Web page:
'Bully' fights back: Hard-hitting film looks at impacts of being tormented
Taken together, these baseline measurements mean that during every day of 2012 more than 35,000 children join the ranks of the bullied by being dissed, defamed or assaulted.
Experts say bullying is a favored tool of adolescents and teens looking to dictate a social pecking order. Lori Jones, the counseling and guidance coordinator for Canyons School District in Utah, possesses unique insight into why bullying is so brutally effective among teenagers after having spent more than 20 years in schools as a teacher, counselor and administrator.
"Adolescents and teenagers are going through rapid developmental changes," Jones said. "They're not very secure with themselves; they don't always know who they are. So they take (bullying) words very, very personally. They don't always know how to say, 'Oh, that person must be insecure,' the way an adult would. … They think, 'How come me? How come I don't fit in?'"
Bullying is a particularly hard problem for authority figures to quell because of its complexity and tendency to defy logic. For instance, punishment alone will not deter offenders because, as University of Rochester bullying expert Katy Allen points out, aggressively disciplining bullies can actually exacerbate the bad behavior.
"Punishment confirms what bullies believe to be true: that it's good to have power, and it's OK to us it to hurt others," Allen said. "Punishing the bully often has the effect of ramping up the bullying while sending it further underground so that it is even more difficult to monitor.
"(Instead) we need to do a variety of things, and one of them is to shift power away from the bully and into the hands of bystanders — which includes adults and students."
Exhorting bystanders to step in and stop abusive behavior, though, is not without its pitfalls. "Done poorly, bystander intervention can make bystanders the next victims," Allen observed.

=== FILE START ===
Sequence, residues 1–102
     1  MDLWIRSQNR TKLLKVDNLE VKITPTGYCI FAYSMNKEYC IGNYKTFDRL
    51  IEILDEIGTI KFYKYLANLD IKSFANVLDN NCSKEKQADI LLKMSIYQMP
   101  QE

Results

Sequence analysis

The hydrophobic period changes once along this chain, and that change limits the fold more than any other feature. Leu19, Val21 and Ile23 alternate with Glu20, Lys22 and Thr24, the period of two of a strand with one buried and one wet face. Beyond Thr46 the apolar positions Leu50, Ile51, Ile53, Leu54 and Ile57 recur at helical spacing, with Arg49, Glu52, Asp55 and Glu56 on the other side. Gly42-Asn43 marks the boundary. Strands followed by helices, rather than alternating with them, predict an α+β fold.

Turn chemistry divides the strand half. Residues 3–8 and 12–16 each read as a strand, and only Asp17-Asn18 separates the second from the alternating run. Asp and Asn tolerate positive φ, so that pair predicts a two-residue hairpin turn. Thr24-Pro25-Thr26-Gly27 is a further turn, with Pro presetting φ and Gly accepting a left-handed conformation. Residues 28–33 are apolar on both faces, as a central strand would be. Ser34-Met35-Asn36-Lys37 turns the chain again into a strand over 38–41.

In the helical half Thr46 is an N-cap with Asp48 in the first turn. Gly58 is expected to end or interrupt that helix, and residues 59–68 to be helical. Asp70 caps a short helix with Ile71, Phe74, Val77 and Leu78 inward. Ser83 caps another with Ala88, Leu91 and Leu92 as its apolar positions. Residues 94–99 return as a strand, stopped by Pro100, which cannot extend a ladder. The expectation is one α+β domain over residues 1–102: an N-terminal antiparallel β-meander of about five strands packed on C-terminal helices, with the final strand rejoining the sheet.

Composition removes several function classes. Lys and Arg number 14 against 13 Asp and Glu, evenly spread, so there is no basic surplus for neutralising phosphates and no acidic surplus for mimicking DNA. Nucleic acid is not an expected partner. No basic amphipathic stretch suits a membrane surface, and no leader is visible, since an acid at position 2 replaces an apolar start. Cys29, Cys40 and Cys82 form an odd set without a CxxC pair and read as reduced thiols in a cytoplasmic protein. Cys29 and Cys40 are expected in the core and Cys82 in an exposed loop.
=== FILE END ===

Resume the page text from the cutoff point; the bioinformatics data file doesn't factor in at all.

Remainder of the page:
In purely practical terms, Jones shared some suggestions for practical things parents can do to curb bully behavior:
Keep kids off the Internet late at night when cyber-bullying runs rampant.
Help children discover their strengths, and build on those.
Listen to your children when they talk about their problems.
Brainstorm with your children about solutions to end the bullying.
If game-planning doesn't beat the bully, contact school administrators.
Additionally, Allen also had some practical pointers for parents who must confront bullying:
Be a good listener, ask sensitive and thoughtful questions, and don't be over-reactive — because kids shut down as soon as parents overreact.
If bullying involves social media, encourage your child to take a breather from the cell phone and computer to let the dust settle and think about what's next.
Use the same Internet tools that your child uses, e.g. Facebook, MySpace and Twitter.
Changing the world
To make "Bully," Hirsch embedded himself in the Sioux City (Iowa) School District throughout the 2009-2010 school year. The film's most compelling footage comes from what goes on inside Sioux City schools — including the epithet-laced bullying that Alex regularly experienced.
One of the most disturbing scenes in the movie comes on the school bus when, in an expletive-filled rant, another seventh grader tells Alex that he will "end" him.
This scene largely lead to "Bully" receiving an R- rating. The filmmakers faced a difficult choice: they could censor out the swear words to get a PG-13 rating, and hopefully reach more of the audience the film was intended for, or they could leave the language unchanged to accurately depicting what kids like Alex face every day.
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